It's a wedding trend that would have been unthinkable in the boom era that brought us Bridezilla-themed reality TV, but is gaining traction in these leaner times: more brides-to-be are opting for wedding dresses that have already taken a trip down the aisle.

According to The Wall Street Journal (subscription required), trade in pre-worn gowns is growing brisker as recession-minded couples look for ways to stretch their wedding budgets, and online used-dress sites bring buyers and sellers together. The average amount spent on weddings has climbed steadily over the past several years; this year, the average cost for nuptials was $30,860, according to the Bridal Association of America.

In many currently distressed real estate markets, that's a down payment.

For frugal fiancees, this is where sites like preownedweddingdresses.com come in handy. The site, which was launched by a bride looking for a way to resell her own wedding gown, now offers an array of more than 2,300 dresses at any given time. Another site, oncewed.com, includes a wedding vendor guide and DIY decor projects. A quick Google search turns up several more examples of this sign-of-the-times marketplace.
While it's common for men to rent tuxes for the Big Day, there's often greater sentimental attachment to the dress, which is one of the reasons why buying a gently-used wedding dress might not be for everyone. This secondary market also adds another element of legwork to what can already be a stressful search process. The Journal article tells of women flying cross-country to try on a coveted gown, obviously not a step every bride wants to fit into her schedule. If the style's widely available, though, some savvy shoppers try the dress on in a bridal store before they commit to a purchase.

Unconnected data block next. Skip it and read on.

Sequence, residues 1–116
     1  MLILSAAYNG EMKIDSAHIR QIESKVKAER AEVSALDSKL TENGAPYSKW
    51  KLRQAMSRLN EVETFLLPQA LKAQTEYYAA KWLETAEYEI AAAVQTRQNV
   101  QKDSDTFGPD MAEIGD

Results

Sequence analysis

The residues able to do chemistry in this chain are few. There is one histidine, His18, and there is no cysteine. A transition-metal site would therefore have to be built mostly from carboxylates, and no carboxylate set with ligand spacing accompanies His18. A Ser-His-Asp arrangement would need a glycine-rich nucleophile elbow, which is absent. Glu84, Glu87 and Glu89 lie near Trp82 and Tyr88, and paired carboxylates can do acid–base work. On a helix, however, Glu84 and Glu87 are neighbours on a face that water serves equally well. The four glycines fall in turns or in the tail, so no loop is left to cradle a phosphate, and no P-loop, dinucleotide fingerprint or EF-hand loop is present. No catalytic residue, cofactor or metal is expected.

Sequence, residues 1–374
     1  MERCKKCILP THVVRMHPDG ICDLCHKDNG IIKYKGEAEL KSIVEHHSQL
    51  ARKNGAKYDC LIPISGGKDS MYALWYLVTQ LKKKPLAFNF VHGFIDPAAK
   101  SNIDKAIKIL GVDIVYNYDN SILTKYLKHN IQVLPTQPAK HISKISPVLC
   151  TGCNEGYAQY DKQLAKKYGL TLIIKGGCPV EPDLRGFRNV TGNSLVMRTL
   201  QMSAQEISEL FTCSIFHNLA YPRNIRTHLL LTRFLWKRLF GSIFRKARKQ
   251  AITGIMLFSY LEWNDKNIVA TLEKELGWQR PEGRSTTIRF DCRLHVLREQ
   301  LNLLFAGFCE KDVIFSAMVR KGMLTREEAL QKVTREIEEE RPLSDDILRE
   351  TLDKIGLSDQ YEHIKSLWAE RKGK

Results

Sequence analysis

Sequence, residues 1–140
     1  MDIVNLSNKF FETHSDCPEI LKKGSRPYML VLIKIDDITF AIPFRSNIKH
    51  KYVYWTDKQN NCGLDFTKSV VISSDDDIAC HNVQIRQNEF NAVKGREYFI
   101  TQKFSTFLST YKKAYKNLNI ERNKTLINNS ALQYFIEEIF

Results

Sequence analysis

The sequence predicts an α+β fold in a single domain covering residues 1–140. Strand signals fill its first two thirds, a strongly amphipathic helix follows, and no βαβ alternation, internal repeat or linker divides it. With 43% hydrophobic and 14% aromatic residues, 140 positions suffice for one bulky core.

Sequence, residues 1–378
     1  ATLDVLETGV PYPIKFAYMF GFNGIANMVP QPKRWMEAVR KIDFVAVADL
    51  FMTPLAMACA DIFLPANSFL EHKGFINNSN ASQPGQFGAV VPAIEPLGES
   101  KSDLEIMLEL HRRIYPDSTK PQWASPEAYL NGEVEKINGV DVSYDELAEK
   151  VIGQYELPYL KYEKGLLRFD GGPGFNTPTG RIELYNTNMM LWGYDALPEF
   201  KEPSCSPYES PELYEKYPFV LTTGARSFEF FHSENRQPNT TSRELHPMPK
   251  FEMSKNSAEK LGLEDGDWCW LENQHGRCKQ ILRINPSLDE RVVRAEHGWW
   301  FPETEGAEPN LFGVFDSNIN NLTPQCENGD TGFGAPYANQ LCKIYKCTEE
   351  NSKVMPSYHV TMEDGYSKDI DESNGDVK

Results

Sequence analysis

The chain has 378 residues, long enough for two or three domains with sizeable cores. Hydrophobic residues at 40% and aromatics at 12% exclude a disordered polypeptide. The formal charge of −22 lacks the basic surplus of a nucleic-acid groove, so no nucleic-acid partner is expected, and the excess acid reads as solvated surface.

But there are certainly upsides, starting with the price. Used gowns can go for less than half of their retail value, putting designer names within reach of those with smaller budgets. One note: these dresses still aren't always what some penny-pinchers would classify as "cheap." Yes, Vera Wang for $2,000 is a relative steal, but it's still two grand.

Another perk is that sellers will sometimes throw in veils, tiaras or other matching accessories. Many of the listings on the sites are exhaustively detailed, including what alterations, if any, were done and how they changed the final measurements.

Of course, some brides-to-be find the sites a justification for dropping big bucks on a gown, rationalizing the splurge by assuming they can sell it later. This isn't really a great strategy; there's no guarantee another woman with the same measurements will fall in love with the same dress, or an over-jubilant toast during the reception couldn't permanently stain it.

Bottom line for brides-to-be: It's a dress, not an investment.

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